Alfred Bester published The Demolished Man in 1952, and that might be the best book ever written about telepaths as a group, what it would be like to be able to communicate without speaking. Very inventive and idealistic, but the antagonist is a non-telepath who wants to hide his crime from the psi-cops by means of using what we'd now call an 'ear-worm'--a TV theme song written by a girlfriend of his. He just thinks it to himself, and it blocks telepaths from accessing his deeper thoughts.

Basically, telepaths don't even try to lie to each other in that book--there's enormous trust and fellow feeling between them--the hero can't hide his feelings from a friend, a fellow telepath who is in love with him--he loves her back, but not in the same way. Bester's point is that we'd be better off if we really could see into each others' minds, get rid of all the secrets. But in some ways, we end up identifying more with the individualist murderer.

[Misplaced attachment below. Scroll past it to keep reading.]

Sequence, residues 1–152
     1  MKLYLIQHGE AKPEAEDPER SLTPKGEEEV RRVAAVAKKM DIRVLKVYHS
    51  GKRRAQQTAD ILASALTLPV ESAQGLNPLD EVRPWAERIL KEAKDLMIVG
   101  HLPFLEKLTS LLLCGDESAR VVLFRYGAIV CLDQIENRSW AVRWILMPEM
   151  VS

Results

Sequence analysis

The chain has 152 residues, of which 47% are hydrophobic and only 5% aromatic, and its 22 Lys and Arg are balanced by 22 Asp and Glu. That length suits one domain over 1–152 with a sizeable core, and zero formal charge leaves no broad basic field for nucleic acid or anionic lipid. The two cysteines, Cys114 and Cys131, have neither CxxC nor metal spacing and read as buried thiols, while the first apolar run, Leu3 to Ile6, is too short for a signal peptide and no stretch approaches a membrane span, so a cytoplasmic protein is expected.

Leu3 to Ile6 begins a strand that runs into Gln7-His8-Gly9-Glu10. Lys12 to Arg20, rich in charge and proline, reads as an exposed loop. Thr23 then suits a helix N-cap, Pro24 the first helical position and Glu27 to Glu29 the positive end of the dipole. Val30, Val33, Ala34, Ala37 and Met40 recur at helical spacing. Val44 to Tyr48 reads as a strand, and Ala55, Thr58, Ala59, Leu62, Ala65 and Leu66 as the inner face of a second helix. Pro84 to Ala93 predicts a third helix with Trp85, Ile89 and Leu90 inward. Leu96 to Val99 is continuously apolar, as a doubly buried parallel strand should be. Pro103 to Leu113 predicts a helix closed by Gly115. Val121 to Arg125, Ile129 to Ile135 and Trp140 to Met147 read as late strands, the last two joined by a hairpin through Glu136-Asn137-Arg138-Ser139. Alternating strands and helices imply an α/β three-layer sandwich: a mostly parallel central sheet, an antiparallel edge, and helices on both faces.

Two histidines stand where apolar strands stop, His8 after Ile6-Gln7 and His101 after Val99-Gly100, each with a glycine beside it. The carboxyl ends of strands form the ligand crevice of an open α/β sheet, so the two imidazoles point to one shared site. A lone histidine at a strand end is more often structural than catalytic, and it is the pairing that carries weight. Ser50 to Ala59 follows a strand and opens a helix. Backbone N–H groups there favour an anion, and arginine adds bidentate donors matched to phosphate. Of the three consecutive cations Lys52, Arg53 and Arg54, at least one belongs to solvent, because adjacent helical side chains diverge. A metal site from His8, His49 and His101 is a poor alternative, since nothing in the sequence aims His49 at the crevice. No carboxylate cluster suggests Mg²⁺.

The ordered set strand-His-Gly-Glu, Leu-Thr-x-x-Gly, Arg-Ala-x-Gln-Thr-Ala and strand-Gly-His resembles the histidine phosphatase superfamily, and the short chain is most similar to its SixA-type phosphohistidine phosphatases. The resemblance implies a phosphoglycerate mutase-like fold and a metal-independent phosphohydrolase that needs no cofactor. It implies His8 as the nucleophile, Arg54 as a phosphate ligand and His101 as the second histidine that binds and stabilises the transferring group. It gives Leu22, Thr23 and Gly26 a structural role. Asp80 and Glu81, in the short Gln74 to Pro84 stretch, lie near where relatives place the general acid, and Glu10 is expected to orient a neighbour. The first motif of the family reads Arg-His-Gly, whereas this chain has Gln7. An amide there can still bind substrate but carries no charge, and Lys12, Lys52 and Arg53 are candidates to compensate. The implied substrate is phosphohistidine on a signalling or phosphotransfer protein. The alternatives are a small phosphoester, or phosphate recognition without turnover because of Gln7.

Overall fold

Then there was Mutant (1953), by Henry Kuttner (under a pseudonym he shared with his wife, C.L. Moore, but I think this one was mainly his).

That's a series of connected short stories about how telepathic mutants had to fight for survival, and eventually created a world where they are the norm--they hear each others' thoughts all the time. Again, they never try to lie to each other, and it's implied that would be futile. Now and then, they have to fly high up in gliders, to get away from the surface noise, relax. But they still have to return to the interconnected-ness of the hive mind eventually, or they'll perish of loneliness. (Most of these stories can be read as metaphors for ordinary social interaction).